Internet of Things: ARM Acquires Software Firm Sensinode

Add Your Comments

ARM boosts its Internet of Things strategy by buying Sensinode and accelerating open standards, and Broadcom hopes to be a catalyst for the wearables market with a wireless platform for embedded devices.

ARM Acquires Sensinode

ARM announced that it has acquired Sensinode Oy, a provider of software technology for the Internet of Things (IoT). The privately held Finland company has led the creation of the 6LoWPAN and CoAP standards for low cost low power devices, and has been a key contributor to the IETF, ZigBee IP, ETSI and OMA standardization efforts. The proliferation of  open standards that Sensinode has helped develop will be accelerated through the ARM mbed project. mbed is an industry collaboration to deliver fundamental open source hardware and software building blocks for rapid development of intelligent connected devices.

“ARM is dedicated to enabling a standards-based Internet of Things where billions of devices of all types and capabilities are connected through interoperable Internet Protocols and Web Services,” said John Cornish, executive vice president and general manager, System Design Division, ARM. “Sensinode is a pioneer in software for low cost low power internet connected devices and has been a key contributor to open standards for IoT. By making Sensinode expertise and technology accessible to the ARM Partnership and through the ARM mbed project we will enable rapid deployment of thousands of new and innovative IoT applications.”

Broadcom Expands Embedded Offerings to Wearable Market

Broadcom (BRCM) expanded its Wireless Internet Connectivity for Embedded Devices (WICED) portfolio with the introduction of WICED Direct. WICED is a platform that simplifies the implementation of Internet connectivity into an array of consumer devices. This platform will take advantage of the growing market of wearable products that communicate seamlessly to the cloud via smart mobile devices.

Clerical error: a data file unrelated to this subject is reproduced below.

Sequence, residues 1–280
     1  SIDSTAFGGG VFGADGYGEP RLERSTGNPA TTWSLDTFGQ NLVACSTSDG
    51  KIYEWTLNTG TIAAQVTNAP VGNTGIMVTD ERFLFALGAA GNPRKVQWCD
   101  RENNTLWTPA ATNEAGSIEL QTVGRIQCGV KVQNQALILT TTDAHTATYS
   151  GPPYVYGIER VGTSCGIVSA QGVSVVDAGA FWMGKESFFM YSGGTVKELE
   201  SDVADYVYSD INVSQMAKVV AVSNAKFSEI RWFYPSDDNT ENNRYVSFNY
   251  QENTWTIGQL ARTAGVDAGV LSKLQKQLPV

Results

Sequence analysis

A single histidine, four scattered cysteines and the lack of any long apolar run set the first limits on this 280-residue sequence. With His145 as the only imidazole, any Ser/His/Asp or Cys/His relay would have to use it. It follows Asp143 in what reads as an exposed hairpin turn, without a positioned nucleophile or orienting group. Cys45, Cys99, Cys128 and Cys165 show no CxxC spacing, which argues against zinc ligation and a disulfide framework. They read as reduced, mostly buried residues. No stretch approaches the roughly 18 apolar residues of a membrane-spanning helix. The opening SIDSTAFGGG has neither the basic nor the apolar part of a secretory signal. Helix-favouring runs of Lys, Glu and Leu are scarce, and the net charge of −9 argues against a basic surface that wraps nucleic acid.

“The value of a wearable device lies in its ability to connect to a smartphone or the Internet with minimal impact on battery life,” said Rahul Patel, Broadcom Vice President, Marketing, Wireless Connectivity Combos. “As the market gains momentum, Broadcom is actively widening business opportunities in this growing space by offering the breadth of IP and customized components that enable creative new smart wearable devices to be connected.”

Broadcom’s WICED portfolio provides the foundation for embedding low power, high performance, interoperable wireless connectivity into these devices. Wi-Fi Direct is a specification that allows two devices to communicate with each other securely via Wi-Fi without an access point or computer. Wireless connectivity technologies that enable these devices to connect to smartphones are key – such as Near Field Communications (NFC), Bluetooth Smart and Wi-Fi, and Wi-Fi Direct.

“OEMs creating wearable products require interoperable technology that will allow these new devices to connect with smartphones and tablets available today,” said Joshua Flood, Senior Analyst, ABI Research. “Since Broadcom powers the Wi-Fi and Bluetooth in the majority of smartphones on the market today, the company’s wireless SoCs are an ideal choice for OEMs developing consumer products that are designed to seamlessly communicate with other mobile devices on the market.”

About the Author

John Rath is a veteran IT professional and regular contributor at Data Center Knowledge. He has served many roles in the data center, including support, system administration, web development and facility management.

Add Your Comments

  • (will not be published)